I love community tips! This collection of tips will likely be more helpful to newer Zendesk users, but may help some of the more seasoned users, as well.
Some companies have embraced the Community concept with great results for customers, support staff, and the bottom line. However, I doubt it is the best approach for all companies. We haven’t opened up our support world to community participation, for several reasons. For one, we have limited resources for community forum moderation. There could be liability issues if incorrect information leaked through (there is no room for error in our business--parking!) Perhaps we will rethink this in the future, but for now it is the best approach.
Does this sound like you? Are you sad-faced because you think that you can’t drive self-service unless you tear down those walls and let your customers have a free-for-all in your forums? Dry your eyes, Zendeskians. It is possible to drive self-service even if you don’t embrace the Community concept.
Here are some of the ways we make it happen!
Use the mobile site/portal
Make sure you are using the mobile site/portal. If you don’t have it turned on, you are turning off your mobile customers by forcing them to look at a standard website on a mobile device. Yuck.
Drive traffic to your forums
Point to your forums in every possible way! Here are some ideas:
- Include a link to your forums in trigger comments, especially for the “request received” notification, since it is the first response they'll receive from you. So important: Make sure they can see you pushing it.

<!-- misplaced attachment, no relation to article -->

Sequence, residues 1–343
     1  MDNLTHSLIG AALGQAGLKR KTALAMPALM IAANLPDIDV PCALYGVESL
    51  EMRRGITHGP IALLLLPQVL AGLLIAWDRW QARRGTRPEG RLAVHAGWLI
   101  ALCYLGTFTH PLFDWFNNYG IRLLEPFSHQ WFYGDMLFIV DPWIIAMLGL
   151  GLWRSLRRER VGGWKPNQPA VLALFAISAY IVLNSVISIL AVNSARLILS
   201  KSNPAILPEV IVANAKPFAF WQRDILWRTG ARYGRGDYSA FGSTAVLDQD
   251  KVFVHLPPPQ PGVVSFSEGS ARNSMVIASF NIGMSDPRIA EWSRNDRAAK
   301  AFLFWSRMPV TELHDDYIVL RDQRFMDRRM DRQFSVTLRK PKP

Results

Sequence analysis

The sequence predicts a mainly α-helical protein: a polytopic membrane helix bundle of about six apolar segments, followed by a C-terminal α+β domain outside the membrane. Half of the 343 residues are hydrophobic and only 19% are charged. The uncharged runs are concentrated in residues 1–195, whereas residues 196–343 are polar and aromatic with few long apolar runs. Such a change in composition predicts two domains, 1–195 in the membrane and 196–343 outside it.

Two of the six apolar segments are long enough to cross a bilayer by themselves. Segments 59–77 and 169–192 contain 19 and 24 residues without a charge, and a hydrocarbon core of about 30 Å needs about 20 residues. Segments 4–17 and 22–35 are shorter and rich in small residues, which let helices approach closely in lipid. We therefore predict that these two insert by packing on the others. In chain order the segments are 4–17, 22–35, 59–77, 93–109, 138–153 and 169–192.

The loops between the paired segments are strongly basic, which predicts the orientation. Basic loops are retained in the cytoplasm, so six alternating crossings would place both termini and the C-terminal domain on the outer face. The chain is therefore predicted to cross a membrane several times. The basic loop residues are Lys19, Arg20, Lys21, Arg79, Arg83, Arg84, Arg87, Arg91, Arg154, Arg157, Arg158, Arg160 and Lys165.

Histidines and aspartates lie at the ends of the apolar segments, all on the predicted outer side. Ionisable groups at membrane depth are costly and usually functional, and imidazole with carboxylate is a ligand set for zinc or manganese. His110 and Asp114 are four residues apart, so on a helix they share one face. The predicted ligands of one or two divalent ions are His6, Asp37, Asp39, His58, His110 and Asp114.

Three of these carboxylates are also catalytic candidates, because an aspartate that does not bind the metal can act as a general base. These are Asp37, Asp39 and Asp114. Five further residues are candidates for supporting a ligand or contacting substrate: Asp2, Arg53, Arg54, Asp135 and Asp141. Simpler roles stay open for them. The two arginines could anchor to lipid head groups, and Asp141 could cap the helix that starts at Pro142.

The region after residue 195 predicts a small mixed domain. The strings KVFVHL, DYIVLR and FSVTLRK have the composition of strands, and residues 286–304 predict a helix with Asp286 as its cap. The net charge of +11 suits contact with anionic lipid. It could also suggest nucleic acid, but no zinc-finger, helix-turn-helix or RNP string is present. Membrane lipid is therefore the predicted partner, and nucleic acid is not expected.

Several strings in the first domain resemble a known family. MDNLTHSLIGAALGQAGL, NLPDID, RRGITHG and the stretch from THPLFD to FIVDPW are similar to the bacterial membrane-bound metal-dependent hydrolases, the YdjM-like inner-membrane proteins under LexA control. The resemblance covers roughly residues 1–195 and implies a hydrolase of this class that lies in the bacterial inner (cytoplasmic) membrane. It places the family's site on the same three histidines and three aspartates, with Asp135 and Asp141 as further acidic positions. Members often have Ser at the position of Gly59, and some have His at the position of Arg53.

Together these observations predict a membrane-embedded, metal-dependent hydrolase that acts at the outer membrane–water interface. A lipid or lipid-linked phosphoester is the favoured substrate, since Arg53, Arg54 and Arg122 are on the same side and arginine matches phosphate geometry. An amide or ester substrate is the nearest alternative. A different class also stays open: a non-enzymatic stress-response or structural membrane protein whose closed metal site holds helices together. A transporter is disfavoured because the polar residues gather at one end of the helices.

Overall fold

We realized our customers were missing our reference to the forums because we had it buried in a paragraph of less important text. Our forum views and searches sky-rocketed when we changed from a two-paragraph "request received" trigger comment to a super brief response that fits on a single screen of most mobile devices.
Push it in a way that will make them WANT to look for their answers. Our customers are in a hurry - that’s just who our customers are and the nature of what we do. So we changed from a two sentence description about how or why they may want to check out the forums, to the simple yet beautiful: “Can’t Wait? Visit the Knowledge Base.” That’s putting it in terms that hit home for them (and it worked!).
Direct them to your forums from several places on your website and apps – in every webpage’s footer, nav pane, and the feedback tab. Integrate it into your app, or at least point to it.
- Include a link to the forums in your agent signatures and make sure the agents know they don’t have to shy away from mentioning it in their support ticket comments.
And speaking of ticket comments – make sure you are pointing to the forums in any macros where you have content included. You may choose to give the answer but then also tell them where they could have gone (and can go in the future) to find the information themselves.
For more ideas, check out the Zendesk article about driving traffic to your knowledge base.
Control the flow of information
For some companies it works to restrict ticket creation by NOT having every email become a support ticket. While that is not our method, we do filter and funnel in other ways.
Within our app we include a button to email us, but really it is just an integration directly into Zendesk and so it creates the ticket directly in our system. To the end-user it seems like they are emailing us, but we are actually guiding them down a certain path, giving them tidbits of helpful info along the way.